A valuable painting that has been the source of controversy in Belleville could soon be moved to Rutgers University’s art gallery.
Donated by descendants of Belleville’s founding father and painted by Thomas J. Natt, “Landscape of Belleville” was previously displayed at the township library before it was moved into Mayor Michael Melham’s office in 2020, with approval from the library trustees. Melham is on the trustee board.
The switch angered the donor’s family and the Belleville Historical Society, which demanded its return to the library.
In a letter to Township Manager Anthony Iacono, Belleville Historical Society President Michael Perrone said the organization was entering into a loan agreement with the Rutgers University Zimmerli Art Gallery, where the painting would be on display for five years.
Perrone said Melham did not ask permission from the historical society or the family to take the painting.
The painting depicts a scene of Belleville in 1831, from the Schulyer Estate on the opposite bank of the Passaic River, and shows a bridge designed by a relative of Henry Rutgers, giving it a connection to the state university.
Donna Gustafson, director of the Zimmerli Art Gallery at Rutgers, called the painting beautiful and said it would be a wonderful addition to the gallery.
“I am interested in the painting as something to present in the American gallery as another way to talk about the history of New Jersey and through that, the history of American art,” Gustafson said.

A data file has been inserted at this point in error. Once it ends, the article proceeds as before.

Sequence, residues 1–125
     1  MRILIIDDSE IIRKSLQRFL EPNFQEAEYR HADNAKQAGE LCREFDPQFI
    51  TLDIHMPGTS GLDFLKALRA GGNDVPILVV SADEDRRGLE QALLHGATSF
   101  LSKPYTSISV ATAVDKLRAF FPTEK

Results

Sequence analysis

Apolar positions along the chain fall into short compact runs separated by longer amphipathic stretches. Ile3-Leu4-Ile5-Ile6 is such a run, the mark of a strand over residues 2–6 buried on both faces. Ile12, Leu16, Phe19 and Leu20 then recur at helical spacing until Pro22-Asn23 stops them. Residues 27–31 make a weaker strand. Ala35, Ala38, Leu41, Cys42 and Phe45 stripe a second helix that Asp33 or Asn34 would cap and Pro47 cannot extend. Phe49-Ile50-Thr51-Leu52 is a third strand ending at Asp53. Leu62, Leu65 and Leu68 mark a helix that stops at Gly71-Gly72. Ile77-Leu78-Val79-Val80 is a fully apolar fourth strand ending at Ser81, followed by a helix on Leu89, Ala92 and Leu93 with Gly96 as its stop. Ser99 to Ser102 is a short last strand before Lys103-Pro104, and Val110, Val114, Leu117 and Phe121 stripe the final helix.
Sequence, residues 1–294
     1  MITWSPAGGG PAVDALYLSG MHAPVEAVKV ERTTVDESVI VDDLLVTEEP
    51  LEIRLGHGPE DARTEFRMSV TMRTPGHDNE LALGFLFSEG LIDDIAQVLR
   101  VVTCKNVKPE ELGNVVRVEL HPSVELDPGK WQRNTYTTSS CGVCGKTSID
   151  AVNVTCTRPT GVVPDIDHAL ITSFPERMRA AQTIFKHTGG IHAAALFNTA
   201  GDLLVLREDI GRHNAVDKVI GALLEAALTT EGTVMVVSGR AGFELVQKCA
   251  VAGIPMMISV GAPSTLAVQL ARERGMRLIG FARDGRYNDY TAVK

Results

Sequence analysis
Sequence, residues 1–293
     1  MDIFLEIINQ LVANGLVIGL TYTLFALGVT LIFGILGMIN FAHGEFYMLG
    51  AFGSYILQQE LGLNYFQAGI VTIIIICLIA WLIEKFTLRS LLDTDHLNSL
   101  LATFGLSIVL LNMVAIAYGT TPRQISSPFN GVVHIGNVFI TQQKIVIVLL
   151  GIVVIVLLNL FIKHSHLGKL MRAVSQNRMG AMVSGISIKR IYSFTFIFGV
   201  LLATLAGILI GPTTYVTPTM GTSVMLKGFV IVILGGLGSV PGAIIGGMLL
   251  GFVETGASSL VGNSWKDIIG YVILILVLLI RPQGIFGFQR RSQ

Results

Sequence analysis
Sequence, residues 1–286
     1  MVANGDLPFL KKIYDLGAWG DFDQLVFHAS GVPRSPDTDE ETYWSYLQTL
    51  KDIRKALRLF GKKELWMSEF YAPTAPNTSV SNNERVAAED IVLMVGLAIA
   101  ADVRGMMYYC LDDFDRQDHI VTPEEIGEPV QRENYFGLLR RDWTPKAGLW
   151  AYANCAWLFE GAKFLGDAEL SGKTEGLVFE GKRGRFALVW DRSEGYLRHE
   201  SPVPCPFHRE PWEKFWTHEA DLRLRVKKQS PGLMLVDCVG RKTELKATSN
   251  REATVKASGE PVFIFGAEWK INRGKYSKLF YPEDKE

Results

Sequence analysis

The historical society received permission from David Hatch, a member of the family that donated the painting, to loan it out to Rutgers.
“The Belleville Historical Society is thrilled that the “Landscape of Belleville” will be on exhibit at the prestigious Zimmerli Art Gallery,” Perrone said. “This will be an opportunity for even more people to see this very valuable historic painting.”
The art gallery has professional security, a fire sprinkler system and is climate controlled, Perrone and Gustafson said.
The painting was appraised at $125,000 in 2010 but Perrone said the historical society and the library have kept the value of the painting quiet in order to protect it. He said the disclosure of the painting’s value by Melham at a public meeting created a security issue for the painting and library employees.
“This arrangement results in a win-win situation for everyone,” Perrone said. “The Hatch family is delighted to have their family treasure on exhibit in a first-class museum.”
In a previous letter to Belleville Police Chief Mark Minichini, Hatch said his father’s biggest fear was for the painting to end up in a politician’s office.
“Entrusting the painting to the Belleville Historical Society and having it on display in our library for all to appreciate guaranteed that that would never happen,” Hatch said in the letter. “That anyone would take a historical artifact from the people of their community in order to decorate their private office is very difficult to believe.”
Perrone said that the painting was returned to the library from the mayor’s office on Wednesday.
Gustafson said she and Perrone spoke of creating a high-quality, digital copy of the painting so there would always be an image of the painting in the library, with a note that the actual painting is on loan to the gallery.
The Hatch family donated the painting to the historical society in 1962 after they discovered it in their basement in the 1950s. Hatch and his family are direct descendants of Josiah Hornblower, a member of the Continental Congress who influenced Belleville’s name change.
Kaitlyn Kanzler covers Essex County for NorthJersey.com. For unlimited access to the most important news from your local community, please subscribe or activate your digital account today.
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